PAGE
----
- It allows time for reasonable adjustments to be tailored to the particular job, avoiding problems discussed below under Reasonable adjustments in job itself.
- An applicant who does not have a work history of the particular skills (or where the employer is not yet convinced by the history) is given an opportunity to demonstrate them.
Reasonable adjustments in job itself
An assessment of oral skills should take into account any reasonable adjustments that should be made in the job itself (as suggested by para 16.55 of the Employment Code below). Some adjustments in the job are discussed on Examples of reasonable adjustments: In the job. Just a few examples of possible adjustments are:
- allowing more time.
- if there is a group discussion exercise, perhaps because the job involves significant time in meetings, it could be facilitated by a chair who can bring in participants by turn to make their contribution and to take and respond to questions from other participants. The chair could allow the person who stammers more time than other candidates. This would avoid the need for the person who stammers to interject and control discussion. It could reflect the fact that the selection process is likely to be more stressful than the normal job situation, and also that in the actual job reasonable adjustments in meetings may well be appropriate. However, what is appropriate will doubtless depend on the particular job: on the facts this type of adjustment was not permitted in Lowe v Cabinet Office.
- options to reduce the need to speak, e.g. using alternative ways to get the main information over, followed by oral discussion if required. (See further Examples of reasonable adjustments: In the job>Presentations).
- there are many more possible adjustments on Examples of reasonable adjustments: In the job, for example adjustments in meetings.
It may well be difficult to know in advance precisely what adjustments will be most effective in the job (an argument for using a more extended trial where this is possible). However, any assessment should, so far as possible, use reasonable adjustments which ought to be made in the job. In any evaluation of performance, it may also be appropriate to take into account the possibility of further reasonable adjustments being developed in the light of practical experience.
“Modifying procedures for testing or assessment” is expressly mentioned in the Employment Code para 6.33 as an example of a possible reasonable adjustment.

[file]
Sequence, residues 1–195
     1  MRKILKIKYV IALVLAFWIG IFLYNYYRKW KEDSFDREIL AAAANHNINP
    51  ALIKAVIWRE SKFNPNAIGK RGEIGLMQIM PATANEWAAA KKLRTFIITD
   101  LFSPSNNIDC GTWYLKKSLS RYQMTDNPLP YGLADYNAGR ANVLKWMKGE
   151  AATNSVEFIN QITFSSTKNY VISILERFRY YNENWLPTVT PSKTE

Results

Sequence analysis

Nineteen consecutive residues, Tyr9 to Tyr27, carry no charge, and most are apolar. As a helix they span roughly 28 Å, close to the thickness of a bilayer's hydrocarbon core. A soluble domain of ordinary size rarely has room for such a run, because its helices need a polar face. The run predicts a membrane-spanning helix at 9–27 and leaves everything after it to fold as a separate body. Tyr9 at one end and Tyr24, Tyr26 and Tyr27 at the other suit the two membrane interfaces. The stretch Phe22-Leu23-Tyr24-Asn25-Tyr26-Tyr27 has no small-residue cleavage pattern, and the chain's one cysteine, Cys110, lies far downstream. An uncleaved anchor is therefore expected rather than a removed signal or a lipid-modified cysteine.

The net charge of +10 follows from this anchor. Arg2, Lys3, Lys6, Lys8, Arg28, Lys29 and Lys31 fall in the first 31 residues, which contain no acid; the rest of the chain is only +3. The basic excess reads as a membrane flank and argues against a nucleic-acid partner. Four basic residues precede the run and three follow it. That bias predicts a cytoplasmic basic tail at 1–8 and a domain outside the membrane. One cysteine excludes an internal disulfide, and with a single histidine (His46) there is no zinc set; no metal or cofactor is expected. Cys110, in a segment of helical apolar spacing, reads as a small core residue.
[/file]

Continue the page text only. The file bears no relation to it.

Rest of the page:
“Allowing a disabled person extra time to complete the test” and “allowing a disabled applicant to take an oral test in writing” are two examples specifically given in Employment Code para 16.54.
Para 16.55 says the extent to which such adjustments would be reasonable “may depend on … how closely the test is related to the job in question and what adjustments the employer would be reasonably required to make if the applicant were given the job.”
Whilst other types of claim under the Equality Act 2010 may also apply, the most important for assessment of oral skills are ‘discrimination arising from disability’ under s.15 and the reasonable adjustment duty. ‘Indirect discrimination’ can also apply but is unlikely to add anything.
In summary, this means an assessment which disadvantages a disabled person potentially gives rise to two key legal issues (though tribunals may see the issues as not very different from each other):
- whether the assessment satisfies the ‘objective justification’ test under s.15; and
- so far as there is a provision, criterion or practice which is being applied in an assessment, whether it is reasonable for the employer to have to adjust this.
To expand very briefly on those issues:
‘Discrimination arising from disability’ and objective justification
‘Discrimination arising from disability’ under s.15 EqA is where the employer treats a disabled person unfavourably because of something arising in consequence of the person’s disability. So if someone who stammers is turned down for a job (or otherwise treated unfavourably) because of their oral skills or their performance in an assessment, and the skills or their performance is a consequence of the stammer, it can be ‘discrimination arising from disability’.
Provided it is not direct discrimination, the employer has a defence if it can show ‘objective justification’. This involves showing a legitimate aim and (most importantly) that the employer’s action is ‘proportionate’, bearing in mind both the discriminatory effect on the individual and the employer’s needs. The employment tribunal conducts a balancing exercise to decide this. The employer also has a defence if it could not reasonably have been expected to know the person had the disability.
Reasonable adjustment duty
There may be a ‘provision, criterion or practice’ applied by the employer, especially where there is a formal assessment. If it puts a disabled person at a substantial (ie more than minor or trivial) disadvantage in comparison with non-disabled people, the employer is obliged to take such steps as it is reasonable to have to take to avoid the disadvantage. More: Reasonable adjustment duty.
“Modifying procedures for testing or assessment” is expressly mentioned in the Employment Code para 6.33 as an example of a possible reasonable adjustment.
Direct discrimination is likely to be unusual in the context but may sometimes apply, for example if ‘fluency’ (as in lack of stammering) is an assessment criterion. More: Direct discrimination.